• Passenger quad B (8-axles) locomotive for narrow (Cape) gauge with speed up to 100 mph (161 km/h)

  • General discussion about locomotives, rolling stock, and equipment
General discussion about locomotives, rolling stock, and equipment

Moderator: John_Perkowski

  by CM20EMP
 
Please pardon my language as I'm not a native English speaker nor have I been extensively educated in English.

Hi, I'm from Indonesia and as most of Indonesian railroad are of lightweight narrow-gauge construction (1067mm / 3' 6" Cape gauge with 18 metric ton axle load), which means that a six-axled locomotive with double 3-axle bogies (in the form of C-C or Co'Co') can only be as heavy as 108 metric tons, including fuel and motor oil. This means that the most powerful locomotive for this segment would've been Stadler's AsiaLight for KiwiRail in New Zealand (3,000 kW, starting tractive effort 415 kN, 100 km/h 63 mph) or TRA in Taiwan (2,015 kW, STE 395 kN, 120 km/h 75 mph) . A more powerful and faster locomotive for passenger service that also need to fit the smaller loading gauge would likely require more axles and wheels for the delivery of more power, such as ES43BBi (axle load 25 metric tons, 3,206 kW, 165,347.7 lbf / 735 KN, 40 mph or 65 km/h ) or F125 (130 metric ton weight, which will require 8 axles for sub-18 ton axle load).

I have been unable to locate whether ES43BBi uses a span bolster or lateral motion device (such as the roller ones), other than some pictures that are paywalled in trainorders dot com. Do you think it's better for 100 mph narrow gauge locomotive to use span bolster vs roller device? Can anyone ascertain whether ES43BBi uses span bolster or not?
  by Pneudyne
 
The Wabtec ES34BBi uses span bolsters, as does the EMD SD70ACe-BB.

The only implementation of a four bogie locomotive with roller platform lateral motion was the Westinghouse gas turbine electric prototype of 1950. One could say that since then, the span bolster type has been the running gear of choice where eight axles, all powered, are required under a single frame.

The GBB span bolster assembly used under the SD70Ace-BB is an integrated design that has the advantage that it does not incur any ride height penalty as compared with conventional bogies. Thus, it would appear to be applicable for Cape/metre gauge applications with restricted loading gauges.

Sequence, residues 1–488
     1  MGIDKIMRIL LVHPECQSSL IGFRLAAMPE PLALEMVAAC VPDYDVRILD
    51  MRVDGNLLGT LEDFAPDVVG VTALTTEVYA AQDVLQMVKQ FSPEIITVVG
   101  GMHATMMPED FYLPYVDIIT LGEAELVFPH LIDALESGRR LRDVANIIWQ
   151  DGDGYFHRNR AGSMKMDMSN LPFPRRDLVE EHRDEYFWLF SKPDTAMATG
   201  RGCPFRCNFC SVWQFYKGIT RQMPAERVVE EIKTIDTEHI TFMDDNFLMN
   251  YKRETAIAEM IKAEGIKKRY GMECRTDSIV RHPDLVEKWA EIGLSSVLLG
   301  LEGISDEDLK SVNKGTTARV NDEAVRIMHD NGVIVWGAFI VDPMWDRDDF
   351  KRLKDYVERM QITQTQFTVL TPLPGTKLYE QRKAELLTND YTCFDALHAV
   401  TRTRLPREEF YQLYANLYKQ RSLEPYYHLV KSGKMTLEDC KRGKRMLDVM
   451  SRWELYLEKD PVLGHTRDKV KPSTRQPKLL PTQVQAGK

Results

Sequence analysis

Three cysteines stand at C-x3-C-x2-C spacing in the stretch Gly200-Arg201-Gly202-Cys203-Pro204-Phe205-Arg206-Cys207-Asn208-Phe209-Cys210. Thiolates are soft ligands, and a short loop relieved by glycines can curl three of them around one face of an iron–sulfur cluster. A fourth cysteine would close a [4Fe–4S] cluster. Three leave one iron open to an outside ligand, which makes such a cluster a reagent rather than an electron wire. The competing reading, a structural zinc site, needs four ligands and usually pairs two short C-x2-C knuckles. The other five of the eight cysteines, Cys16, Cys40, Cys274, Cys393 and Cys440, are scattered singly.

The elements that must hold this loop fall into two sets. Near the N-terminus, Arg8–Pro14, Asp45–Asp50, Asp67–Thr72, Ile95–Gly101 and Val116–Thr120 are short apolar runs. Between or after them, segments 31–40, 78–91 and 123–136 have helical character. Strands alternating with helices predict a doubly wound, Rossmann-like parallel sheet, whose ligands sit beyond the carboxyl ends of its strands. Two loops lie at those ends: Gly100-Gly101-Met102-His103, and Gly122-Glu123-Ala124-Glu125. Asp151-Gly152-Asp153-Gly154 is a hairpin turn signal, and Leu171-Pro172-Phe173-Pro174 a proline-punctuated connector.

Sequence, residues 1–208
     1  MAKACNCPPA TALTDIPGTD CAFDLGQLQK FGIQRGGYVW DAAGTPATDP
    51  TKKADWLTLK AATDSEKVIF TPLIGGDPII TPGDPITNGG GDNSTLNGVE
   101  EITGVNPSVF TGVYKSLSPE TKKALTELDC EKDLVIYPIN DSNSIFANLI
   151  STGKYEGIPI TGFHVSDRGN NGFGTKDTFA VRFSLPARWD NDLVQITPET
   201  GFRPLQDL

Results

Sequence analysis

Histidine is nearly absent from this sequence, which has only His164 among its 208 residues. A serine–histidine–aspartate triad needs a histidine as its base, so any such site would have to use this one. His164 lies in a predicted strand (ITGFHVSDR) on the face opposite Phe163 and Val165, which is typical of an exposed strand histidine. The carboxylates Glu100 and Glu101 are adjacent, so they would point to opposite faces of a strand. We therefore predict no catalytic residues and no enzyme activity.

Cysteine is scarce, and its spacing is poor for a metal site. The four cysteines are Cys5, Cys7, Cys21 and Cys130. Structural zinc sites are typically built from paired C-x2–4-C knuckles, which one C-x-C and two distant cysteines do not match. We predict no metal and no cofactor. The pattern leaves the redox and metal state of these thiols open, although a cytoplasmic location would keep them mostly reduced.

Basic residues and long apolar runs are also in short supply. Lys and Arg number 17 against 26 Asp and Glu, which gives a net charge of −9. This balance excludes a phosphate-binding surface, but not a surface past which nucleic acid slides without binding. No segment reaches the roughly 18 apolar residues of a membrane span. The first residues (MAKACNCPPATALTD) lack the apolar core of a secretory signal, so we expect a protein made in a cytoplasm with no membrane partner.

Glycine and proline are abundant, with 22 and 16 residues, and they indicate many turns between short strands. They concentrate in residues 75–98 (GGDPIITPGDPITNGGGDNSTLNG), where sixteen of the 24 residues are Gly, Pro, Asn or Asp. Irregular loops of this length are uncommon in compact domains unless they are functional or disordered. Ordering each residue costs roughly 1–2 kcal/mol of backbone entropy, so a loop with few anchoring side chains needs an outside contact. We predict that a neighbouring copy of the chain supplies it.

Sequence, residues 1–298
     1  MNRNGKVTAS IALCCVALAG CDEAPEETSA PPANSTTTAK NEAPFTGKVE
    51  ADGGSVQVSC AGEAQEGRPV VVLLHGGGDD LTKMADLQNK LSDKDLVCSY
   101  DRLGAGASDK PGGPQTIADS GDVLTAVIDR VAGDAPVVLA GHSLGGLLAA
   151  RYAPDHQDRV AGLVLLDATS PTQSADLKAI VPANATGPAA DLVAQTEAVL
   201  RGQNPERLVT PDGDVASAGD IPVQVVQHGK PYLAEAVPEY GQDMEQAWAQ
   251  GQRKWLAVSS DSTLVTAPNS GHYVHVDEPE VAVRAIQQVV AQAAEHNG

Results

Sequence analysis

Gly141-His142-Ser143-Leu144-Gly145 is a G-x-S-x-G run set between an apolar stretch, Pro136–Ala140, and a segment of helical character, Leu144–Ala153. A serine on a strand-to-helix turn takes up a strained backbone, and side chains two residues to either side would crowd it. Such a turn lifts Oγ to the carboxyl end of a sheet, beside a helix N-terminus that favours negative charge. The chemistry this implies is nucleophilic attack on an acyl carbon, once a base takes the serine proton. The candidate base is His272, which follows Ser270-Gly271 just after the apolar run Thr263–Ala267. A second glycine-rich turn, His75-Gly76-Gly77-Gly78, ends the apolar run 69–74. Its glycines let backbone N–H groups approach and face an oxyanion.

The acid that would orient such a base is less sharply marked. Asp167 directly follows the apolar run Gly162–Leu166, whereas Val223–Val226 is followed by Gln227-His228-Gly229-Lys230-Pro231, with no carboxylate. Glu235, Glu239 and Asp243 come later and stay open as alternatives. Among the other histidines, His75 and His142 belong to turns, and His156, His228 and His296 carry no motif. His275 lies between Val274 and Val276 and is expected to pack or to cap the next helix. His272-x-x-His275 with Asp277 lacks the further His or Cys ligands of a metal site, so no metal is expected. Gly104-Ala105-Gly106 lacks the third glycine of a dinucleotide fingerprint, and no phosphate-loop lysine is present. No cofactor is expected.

Back in 1969, CEM (France) built a Cape/metre gauge eight-axle span bolster locomotive for service on the French Outre Mer (overseas) railway systems in Africa. It provided up to 4000 cv on 128 tonnes, for a 16 tonne axle loading, and had a fairly compact profile. Thus, in a broad sense, what you envisage has been done before. This locomotive had a brief mention in this thread: https://www.railroad.net/eight-axle-loc ... 62408.html.

By the way, that span bolster running gear can be suitable for high-speed operation was demonstrated by the Union Pacific back in 1936. Five of its Streamliner power cars (locomotives) were of the articulated body type, but instead of a single central bogie under the body articulation joint, they had a span bolster riding on a pair of two-axle bogies.

Coincidentally, there is a current discussion on locomotives with span-bolster running gear on the WDL forum.


Cheers,
  by Pneudyne
 
Another approach to placing eight axles under a single frame is apparent by looking backwards to the GE-built PJKA CC200 class of 1953. This was of the tribo form, with the Co-2-Co wheel arrangement. Using a powered centre bogie, making it Co-Bo-Co, would provide the desired eight powered axles. Note that prior to building the CC200, GE had built a Co+Bo+Co road switcher for service in Guatemala and Colombia. This had low-speed articulated bogie running gear to suit the applications, but it also established the concept of the eight axle tribo type.